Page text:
16. 16. 8/9/13 11:42 AM Page 3 of 9 At baseline, 243 subjects were asked about their expectations of preventive measures. Of these, 146 (60%) expected that lumbar supports could be helpful in the reduction of low back pain in the workplace, and 170 (69%) felt lifting instructions could be useful. The attendance rate for the first educational session was 80%, and all workers attended at least 2 of the 3 sessions. Subjects were asked each month if, in their own opinion, they lifted according to the techniques taught in the educational sessions. Of 142 subjects, 16 (11%) answered that they always lifted as taught, 104 (73%) answered that they lifted as taught some of the time, and 15 (11%) answered that they never lifted as taught. Compliance with wearing the lumbar support was low; only 58 (43%) of the 134 subjects in the lumbar support groups reported wearing the support in more than half of the questionnaires. In random checks by the principal investigator at the workplace, compliance was approximately the same as the subjects reported (40%-50%). When subjects were asked how satisfied they were with the lumbar support, 39 (49%) of 79 subjects reported the support restricted their freedom of movement, 39 (48%) of 81 reported they could not sit comfortably with the support, and 36 (45%) of 80 thought the support was too warm. On the other hand, 49 (62%) of 79 thought the support provided support for the back and 37 (46%) of 80 reported the support was easy to use. No data were available for 30 subjects (Figure 1, subjects withdrawn during intervention). Of the remaining 282 subjects, 99 (35%) experienced an episode of low back pain during the intervention period and 29 (10%) reported having taken sick leave because of low back pain (Table 2). No statistically significant differences were found among the 4 intervention groups. No effect modification could be detected when comparing the group with lumbar support and education with the other 2 intervention groups combined. Therefore, the groups receiving lumbar supports were combined, as were those receiving education. Table 2 shows the main outcomes for the groups. No statistically significant differences were present. Low back pain incidence was about 35% in all groups, and subjects reporting sick leave due to low back pain varied from 8% to 13%.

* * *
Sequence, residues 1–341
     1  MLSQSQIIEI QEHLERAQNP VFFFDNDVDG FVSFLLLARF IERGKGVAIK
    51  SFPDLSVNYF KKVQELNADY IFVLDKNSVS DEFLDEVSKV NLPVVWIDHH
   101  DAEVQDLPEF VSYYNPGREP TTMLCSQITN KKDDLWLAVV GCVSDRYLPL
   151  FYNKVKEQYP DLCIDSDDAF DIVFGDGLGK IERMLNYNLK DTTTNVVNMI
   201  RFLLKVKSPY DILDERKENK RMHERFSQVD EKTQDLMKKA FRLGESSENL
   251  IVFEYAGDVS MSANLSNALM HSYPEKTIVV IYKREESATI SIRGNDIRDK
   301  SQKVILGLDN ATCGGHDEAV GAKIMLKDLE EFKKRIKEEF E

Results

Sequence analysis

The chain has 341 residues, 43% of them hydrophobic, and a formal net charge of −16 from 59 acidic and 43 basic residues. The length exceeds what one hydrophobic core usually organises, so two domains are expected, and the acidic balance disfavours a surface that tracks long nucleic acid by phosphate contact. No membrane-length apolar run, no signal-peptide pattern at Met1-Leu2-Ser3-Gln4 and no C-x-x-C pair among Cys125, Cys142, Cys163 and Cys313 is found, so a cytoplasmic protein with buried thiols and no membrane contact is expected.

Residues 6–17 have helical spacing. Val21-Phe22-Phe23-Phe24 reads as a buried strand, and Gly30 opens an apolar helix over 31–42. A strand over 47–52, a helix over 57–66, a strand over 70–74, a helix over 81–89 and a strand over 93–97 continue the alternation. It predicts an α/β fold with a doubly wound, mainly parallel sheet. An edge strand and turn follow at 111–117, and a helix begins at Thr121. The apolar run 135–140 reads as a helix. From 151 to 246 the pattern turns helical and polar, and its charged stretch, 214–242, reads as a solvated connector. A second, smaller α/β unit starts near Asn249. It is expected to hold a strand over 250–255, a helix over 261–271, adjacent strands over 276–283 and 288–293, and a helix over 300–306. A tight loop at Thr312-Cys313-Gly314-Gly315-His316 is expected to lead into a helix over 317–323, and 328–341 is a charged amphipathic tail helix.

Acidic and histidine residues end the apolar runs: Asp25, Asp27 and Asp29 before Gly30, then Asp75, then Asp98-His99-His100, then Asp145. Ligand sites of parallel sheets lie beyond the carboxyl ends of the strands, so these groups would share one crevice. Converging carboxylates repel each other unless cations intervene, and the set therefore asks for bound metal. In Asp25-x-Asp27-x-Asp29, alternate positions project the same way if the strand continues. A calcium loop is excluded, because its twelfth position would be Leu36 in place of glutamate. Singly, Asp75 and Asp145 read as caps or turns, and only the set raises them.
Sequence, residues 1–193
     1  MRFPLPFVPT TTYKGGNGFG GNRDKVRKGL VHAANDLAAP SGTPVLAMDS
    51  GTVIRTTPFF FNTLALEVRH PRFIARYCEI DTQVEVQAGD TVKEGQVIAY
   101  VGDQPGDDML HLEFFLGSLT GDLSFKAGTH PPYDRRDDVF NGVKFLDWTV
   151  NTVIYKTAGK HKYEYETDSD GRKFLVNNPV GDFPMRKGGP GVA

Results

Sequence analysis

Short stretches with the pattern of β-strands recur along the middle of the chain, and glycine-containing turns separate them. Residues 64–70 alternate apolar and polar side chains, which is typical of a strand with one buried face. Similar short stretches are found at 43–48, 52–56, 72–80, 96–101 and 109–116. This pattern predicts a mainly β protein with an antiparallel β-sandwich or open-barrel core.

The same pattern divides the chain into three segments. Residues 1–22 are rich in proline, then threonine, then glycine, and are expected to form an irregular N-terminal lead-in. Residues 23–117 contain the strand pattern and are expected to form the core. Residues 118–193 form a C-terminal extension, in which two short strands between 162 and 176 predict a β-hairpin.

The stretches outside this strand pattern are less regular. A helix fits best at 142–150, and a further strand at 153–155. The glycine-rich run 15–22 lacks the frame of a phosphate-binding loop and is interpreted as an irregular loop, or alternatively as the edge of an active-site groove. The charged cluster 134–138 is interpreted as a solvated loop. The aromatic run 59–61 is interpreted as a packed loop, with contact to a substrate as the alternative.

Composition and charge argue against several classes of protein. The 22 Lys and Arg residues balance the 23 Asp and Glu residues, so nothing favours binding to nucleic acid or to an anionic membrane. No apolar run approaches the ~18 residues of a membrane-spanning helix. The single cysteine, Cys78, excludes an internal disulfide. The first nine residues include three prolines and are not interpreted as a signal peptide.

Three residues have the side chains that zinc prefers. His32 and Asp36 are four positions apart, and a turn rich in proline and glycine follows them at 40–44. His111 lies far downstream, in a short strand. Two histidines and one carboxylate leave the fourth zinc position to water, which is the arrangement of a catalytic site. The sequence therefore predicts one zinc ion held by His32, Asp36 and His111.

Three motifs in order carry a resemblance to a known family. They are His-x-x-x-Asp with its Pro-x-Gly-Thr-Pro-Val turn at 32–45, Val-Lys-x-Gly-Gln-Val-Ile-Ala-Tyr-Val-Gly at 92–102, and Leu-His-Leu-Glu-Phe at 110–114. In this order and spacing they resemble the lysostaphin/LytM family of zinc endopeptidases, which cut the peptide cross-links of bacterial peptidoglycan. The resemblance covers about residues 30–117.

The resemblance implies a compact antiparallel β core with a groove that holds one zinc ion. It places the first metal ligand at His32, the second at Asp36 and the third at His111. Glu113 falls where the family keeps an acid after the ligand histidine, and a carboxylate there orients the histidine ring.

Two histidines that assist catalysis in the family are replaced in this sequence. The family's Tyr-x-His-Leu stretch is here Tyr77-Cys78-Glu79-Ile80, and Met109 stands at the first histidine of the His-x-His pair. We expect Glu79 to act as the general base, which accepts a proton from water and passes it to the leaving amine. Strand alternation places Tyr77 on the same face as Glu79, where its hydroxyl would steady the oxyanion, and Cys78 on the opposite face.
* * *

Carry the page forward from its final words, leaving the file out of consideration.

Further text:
17. 17. 8/9/13 11:42 AM Page 4 of 9 A subgroup analysis was conducted in which subjects who wore the lumbar support were compared with subjects in the groups without lumbar support. No significant differences were observed (Table 3).
  18. 18. 8/9/13 11:42 AM Page 5 of 9 Table 4 shows the results of the analysis of subgroups based on the history of back pain. In the subgroup of subjects who had never had low back pain (n=130), a higher number of days of sick leave because of low back pain was observed in the group with lumbar support (P=.05), although the median number of days of sick leave per month was 0 days in both groups. In the subgroup of subjects with low back pain at baseline (n=42), a reduction in the number of days with low back pain per month was found in the group with lumbar support compared with the group without lumbar support (median of 1.2 days per month vs 6.5 days per month; P=.03). No significant differences were found between groups with and without education in the subgroup analysis (data not shown).
  19. 19. 8/9/13 11:42 AM Page 6 of 9 To detect possible adverse effects of lumbar supports, we measured trunk-muscle strength before and after the intervention period. Furthermore, after the intervention period, subjects were followed up for an additional 6 months to evaluate the occurrence of low back pain after subjects discontinued wearing the lumbar supports. In the group compliant with lumbar support use during the intervention period, 25% of the subjects reported low back pain during the 6 months following completion of the intervention vs 20% in the group without lumbar support (risk difference=5%; 95% CI, −13% to 23%; P=.6). Compliant subjects had a mean of 1.8 days of back pain vs 1.1 days in the group that did not receive the lumbar support (median of 0 days in both groups; P=.5 by Mann-Whitney U test corrected for ties). Results of the trunk-muscle strength tests are shown in Table 5. Thirty-eight subjects felt they would injure or reinjure themselves by performing the trunk-muscle tests and were excluded from the tests (10 in the combination group, 5 in the education only group, 12 in the lumbar support only group, and 11 in the control group). Most subjects scored lower in the posttest, but the difference between compliant subjects and subjects without lumbar support was not significant.